Having recently, after a few years of umming and ahing, purchased Trapcode by Red Giant, a suite of plugins for After Effects, I have been on the look out for tutorials that use different plugins within the pack. In particular Particular, which is one of those MUST HAVE plugins for serious motionographers. In it’s most basic form it is a particle canon but with far more flexibility and options than the stock Adobe particle effects. Responding to physics and allowing custom sprites I have seen Particular be used in creating snow, rain, smoke, explosion and bokeh effects. These were all very enticing effects to see about playing with, however given the hype surrounding Star Wars and my own buzzing excitement- I went for Hyperspace. A very quick YouTube search brought up a long list of people offering tutorials creating this effect and a good chunk using Particular. Picking one of the top ones, mostly based on whether I liked the poster frame, I dived into the tutorial below.
I have played with Particular before and had mixed success. I have found it to either be a breeze or a difficult render monster, this case was simple but also beyond the tools surface abilities. That is because this tutorial took us into the Aux System, a segment in the Particular controls I had not been exposed to before. Aux System, at least in this respect, turns each particle into it’s own emitter.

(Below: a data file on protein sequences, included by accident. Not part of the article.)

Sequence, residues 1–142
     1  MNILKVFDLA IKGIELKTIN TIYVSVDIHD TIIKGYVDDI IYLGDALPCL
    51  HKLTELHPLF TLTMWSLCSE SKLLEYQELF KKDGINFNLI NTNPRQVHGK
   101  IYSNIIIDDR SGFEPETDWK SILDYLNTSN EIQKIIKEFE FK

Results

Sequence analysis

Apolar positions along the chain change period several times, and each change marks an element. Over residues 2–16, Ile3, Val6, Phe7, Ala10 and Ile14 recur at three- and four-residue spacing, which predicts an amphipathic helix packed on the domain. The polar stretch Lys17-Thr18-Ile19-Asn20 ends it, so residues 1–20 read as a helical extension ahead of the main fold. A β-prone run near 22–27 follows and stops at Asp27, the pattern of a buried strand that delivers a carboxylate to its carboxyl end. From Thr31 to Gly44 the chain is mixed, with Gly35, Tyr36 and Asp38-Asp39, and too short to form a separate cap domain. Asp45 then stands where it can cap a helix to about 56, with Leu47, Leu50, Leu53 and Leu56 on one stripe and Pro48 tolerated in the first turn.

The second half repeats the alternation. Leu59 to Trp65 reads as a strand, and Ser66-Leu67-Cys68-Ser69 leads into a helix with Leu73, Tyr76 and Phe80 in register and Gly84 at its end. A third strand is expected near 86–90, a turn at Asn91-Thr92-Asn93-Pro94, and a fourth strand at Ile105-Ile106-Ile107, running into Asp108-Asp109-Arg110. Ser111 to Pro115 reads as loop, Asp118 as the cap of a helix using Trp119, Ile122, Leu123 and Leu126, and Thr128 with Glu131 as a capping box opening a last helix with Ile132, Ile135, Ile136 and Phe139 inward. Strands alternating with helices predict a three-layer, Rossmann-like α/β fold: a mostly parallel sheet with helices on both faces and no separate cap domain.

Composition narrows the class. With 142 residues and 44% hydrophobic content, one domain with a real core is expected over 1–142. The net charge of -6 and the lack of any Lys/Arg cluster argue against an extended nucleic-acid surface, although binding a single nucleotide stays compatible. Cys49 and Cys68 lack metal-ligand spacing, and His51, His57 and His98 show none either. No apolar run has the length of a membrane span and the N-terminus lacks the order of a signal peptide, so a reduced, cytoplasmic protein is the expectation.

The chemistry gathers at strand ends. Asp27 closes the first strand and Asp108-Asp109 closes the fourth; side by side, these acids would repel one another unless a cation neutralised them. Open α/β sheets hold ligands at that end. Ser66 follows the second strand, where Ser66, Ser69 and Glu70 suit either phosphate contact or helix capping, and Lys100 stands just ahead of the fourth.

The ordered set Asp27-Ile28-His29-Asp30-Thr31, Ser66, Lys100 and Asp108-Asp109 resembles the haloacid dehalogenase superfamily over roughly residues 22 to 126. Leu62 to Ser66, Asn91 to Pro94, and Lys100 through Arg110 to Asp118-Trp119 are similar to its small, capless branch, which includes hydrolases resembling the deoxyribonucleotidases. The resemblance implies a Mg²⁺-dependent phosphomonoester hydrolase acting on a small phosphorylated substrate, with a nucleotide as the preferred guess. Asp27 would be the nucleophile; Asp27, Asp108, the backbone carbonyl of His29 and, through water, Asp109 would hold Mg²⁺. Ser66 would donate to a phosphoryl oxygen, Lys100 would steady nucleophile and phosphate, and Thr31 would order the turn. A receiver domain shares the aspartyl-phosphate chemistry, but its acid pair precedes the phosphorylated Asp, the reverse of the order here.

So by creating the star field, turning on Aux Systems and them emitting in the direction of our effect we create a string of particles that respond to the camera move, thus creating the Hyperspace look.
All in all, this was a render heavy blast to make and certainly kept my Star Wars buzz levels nice and high.
So I was checking out the School of Motion’s 30 Days of After Effects tutorial challenge thinking should I try for it or am I just kidding myself. I have been very disciplined with maintaining Learning Day but this is quite a commitment. I figured I would take it one step at a time and start with the tutorial from day 1.
The Write On Effect Techniques covers a few different ways of achieving the write on effect in After Effects and a few tips and best practices along the way. This isn’t a short tutorial at just under an hour, but my gosh is it comprehensive.
These are a commitment to undertake but an endlessly valuable tutorial resource and certainly one I will be coming back to on various Learning Days or when the topic is relevant to an active or upcoming project.